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captive

[kap-tiv] /ˈkæp tɪv/
noun
1.
a prisoner.
2.
a person who is enslaved or dominated; slave:
He is the captive of his own fears.
adjective
3.
made or held prisoner, especially in war:
captive troops.
4.
kept in confinement or restraint:
captive animals.
5.
enslaved by love, beauty, etc.; captivated:
her captive beau.
6.
of or relating to a captive.
7.
managed as an affiliate or subsidiary of a corporation and operated almost exclusively for the use or needs of the parent corporation rather than independently for the general public:
a captive shop; a captive mine.
Origin
1300-1350
1300-50; Middle English (< Middle French) < Latin captīvus, equivalent to capt(us) taken (past participle of capere to take) + -īvus -ive
Related forms
noncaptive, adjective
pseudocaptive, adjective
Dictionary.com Unabridged
Based on the Random House Dictionary, © Random House, Inc. 2014.
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Examples from the web for captives
  • They held their captives for two days before releasing them.
  • In these rooms, captives deemed important were manacled to the bed frames.
  • After the war ended, the island continued holding captives, even as its significance as a fortress waned.
  • They became captives to the culture they were renouncing.
  • Besides the usual spoils of war, the conquerors sought human captives, which were essential for a king to maintain power.
  • Dancing was also seen as a form of exercise, which helped to preserve and maintain the captives' health during the tedious voyage.
  • She takes the captives to holding pens at her house until she can let them go far away from human activity.
  • Among the objects found among his bones was a small rectangular ceramic seal depicting a jackal and nine bound captives.
  • It depicts a queen grasping a handful of small, doomed captives.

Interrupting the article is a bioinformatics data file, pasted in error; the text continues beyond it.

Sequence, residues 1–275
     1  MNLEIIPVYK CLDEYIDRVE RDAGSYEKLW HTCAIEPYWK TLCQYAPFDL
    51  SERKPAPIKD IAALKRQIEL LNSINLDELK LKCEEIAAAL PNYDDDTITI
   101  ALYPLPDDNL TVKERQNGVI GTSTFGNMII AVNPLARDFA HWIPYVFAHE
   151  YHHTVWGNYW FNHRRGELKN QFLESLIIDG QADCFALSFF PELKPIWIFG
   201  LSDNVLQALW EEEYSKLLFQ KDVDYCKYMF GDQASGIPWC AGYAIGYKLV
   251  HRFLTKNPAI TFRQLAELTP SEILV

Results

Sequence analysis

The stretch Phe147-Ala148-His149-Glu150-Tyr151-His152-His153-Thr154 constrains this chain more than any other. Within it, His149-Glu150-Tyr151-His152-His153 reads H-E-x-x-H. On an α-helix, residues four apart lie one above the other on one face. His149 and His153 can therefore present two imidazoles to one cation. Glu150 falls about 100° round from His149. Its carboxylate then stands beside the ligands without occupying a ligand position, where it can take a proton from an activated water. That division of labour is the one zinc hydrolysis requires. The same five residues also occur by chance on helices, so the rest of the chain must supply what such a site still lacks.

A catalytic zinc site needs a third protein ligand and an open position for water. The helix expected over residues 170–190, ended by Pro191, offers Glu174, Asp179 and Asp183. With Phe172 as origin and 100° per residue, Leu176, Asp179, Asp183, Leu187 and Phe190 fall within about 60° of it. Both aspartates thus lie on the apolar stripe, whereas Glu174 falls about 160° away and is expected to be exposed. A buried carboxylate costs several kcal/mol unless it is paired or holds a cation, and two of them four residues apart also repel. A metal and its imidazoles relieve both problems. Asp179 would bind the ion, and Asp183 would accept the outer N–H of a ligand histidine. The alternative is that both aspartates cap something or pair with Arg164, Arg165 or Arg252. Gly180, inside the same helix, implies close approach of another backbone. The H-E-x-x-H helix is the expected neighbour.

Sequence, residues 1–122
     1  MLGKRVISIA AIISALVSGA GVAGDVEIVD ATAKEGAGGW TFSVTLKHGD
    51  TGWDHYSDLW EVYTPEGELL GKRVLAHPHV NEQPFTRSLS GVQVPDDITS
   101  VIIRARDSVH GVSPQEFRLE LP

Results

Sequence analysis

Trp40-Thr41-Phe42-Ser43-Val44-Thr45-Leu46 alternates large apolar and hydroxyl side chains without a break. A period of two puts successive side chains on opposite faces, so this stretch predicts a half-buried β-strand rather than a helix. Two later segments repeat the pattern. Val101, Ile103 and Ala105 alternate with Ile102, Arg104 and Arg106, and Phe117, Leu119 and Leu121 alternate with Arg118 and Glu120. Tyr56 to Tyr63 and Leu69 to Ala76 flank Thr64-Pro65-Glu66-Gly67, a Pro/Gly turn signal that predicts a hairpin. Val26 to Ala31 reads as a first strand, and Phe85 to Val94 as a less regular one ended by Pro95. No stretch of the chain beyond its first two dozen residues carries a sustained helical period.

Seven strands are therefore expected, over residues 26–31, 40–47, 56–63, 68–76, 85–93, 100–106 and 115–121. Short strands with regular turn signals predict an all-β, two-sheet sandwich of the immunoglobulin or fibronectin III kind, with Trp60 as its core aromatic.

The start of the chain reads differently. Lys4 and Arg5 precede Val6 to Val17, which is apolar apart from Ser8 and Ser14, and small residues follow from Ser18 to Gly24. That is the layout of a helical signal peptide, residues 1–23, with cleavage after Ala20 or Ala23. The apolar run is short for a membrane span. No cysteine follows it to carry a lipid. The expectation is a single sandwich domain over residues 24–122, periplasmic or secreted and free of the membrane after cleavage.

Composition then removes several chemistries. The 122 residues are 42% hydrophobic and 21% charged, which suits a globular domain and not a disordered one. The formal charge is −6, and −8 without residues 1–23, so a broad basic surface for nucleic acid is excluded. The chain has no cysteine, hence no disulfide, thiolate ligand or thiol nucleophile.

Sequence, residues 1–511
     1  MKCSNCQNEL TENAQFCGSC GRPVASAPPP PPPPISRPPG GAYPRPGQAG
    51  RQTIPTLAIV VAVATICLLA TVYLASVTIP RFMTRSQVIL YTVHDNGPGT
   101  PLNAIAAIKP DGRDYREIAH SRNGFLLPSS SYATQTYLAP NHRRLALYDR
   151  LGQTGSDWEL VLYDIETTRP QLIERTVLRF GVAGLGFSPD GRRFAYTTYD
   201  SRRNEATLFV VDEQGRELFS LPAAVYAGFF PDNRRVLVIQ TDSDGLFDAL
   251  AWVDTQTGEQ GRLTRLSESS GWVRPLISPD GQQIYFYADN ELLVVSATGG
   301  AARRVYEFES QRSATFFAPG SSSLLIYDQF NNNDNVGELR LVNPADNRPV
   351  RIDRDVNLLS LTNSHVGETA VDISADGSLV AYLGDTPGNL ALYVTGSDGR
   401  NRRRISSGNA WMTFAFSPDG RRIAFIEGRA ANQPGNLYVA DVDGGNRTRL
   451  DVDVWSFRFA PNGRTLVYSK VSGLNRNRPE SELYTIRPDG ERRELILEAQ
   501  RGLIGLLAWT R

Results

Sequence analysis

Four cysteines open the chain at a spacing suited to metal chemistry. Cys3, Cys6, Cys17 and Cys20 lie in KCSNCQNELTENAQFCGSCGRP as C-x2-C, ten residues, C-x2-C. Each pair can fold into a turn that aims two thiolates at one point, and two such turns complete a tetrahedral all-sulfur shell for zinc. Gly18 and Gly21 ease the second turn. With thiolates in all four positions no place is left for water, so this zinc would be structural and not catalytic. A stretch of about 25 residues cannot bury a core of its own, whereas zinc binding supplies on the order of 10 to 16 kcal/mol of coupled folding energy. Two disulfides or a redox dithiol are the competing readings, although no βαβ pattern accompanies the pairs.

• Already the two captives have produced four healthy cubs.
British Dictionary definitions for captives

captive

/ˈkæptɪv/
noun
1.
a person or animal that is confined or restrained, esp a prisoner of war
2.
a person whose behaviour is dominated by some emotion: a captive of love
adjective
3.
held as prisoner
4.
held under restriction or control; confined: captive water held behind a dam
5.
captivated; enraptured
6.
unable by circumstances to avoid speeches, advertisements, etc (esp in the phrase captive audience)
Word Origin
C14: from Latin captīvus, from capere to take
Collins English Dictionary - Complete & Unabridged 2012 Digital Edition
© William Collins Sons & Co. Ltd. 1979, 1986 © HarperCollins
Publishers 1998, 2000, 2003, 2005, 2006, 2007, 2009, 2012
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Word Origin and History for captives

captive

adj.

late 14c., "imprisoned, enslaved," from Latin captivus "caught, taken prisoner," from captus, past participle of capere "to take, hold, seize" (see capable). As a noun from c.1400; an Old English noun was hæftling, from hæft "taken, seized."

Online Etymology Dictionary, © 2010 Douglas Harper
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captives in the Bible

one taken in war. Captives were often treated with great cruelty and indignity (1 Kings 20:32; Josh. 10:24; Judg. 1:7; 2 Sam. 4:12; Judg. 8:7; 2 Sam. 12:31; 1 Chr. 20:3). When a city was taken by assault, all the men were slain, and the women and children carried away captive and sold as slaves (Isa. 20; 47:3; 2 Chr. 28:9-15; Ps. 44:12; Joel 3:3), and exposed to the most cruel treatment (Nah. 3:10; Zech. 14:2; Esther 3:13; 2 Kings 8:12; Isa. 13:16, 18). Captives were sometimes carried away into foreign countries, as was the case with the Jews (Jer. 20:5; 39:9, 10; 40:7).

Easton's 1897 Bible Dictionary
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15
18
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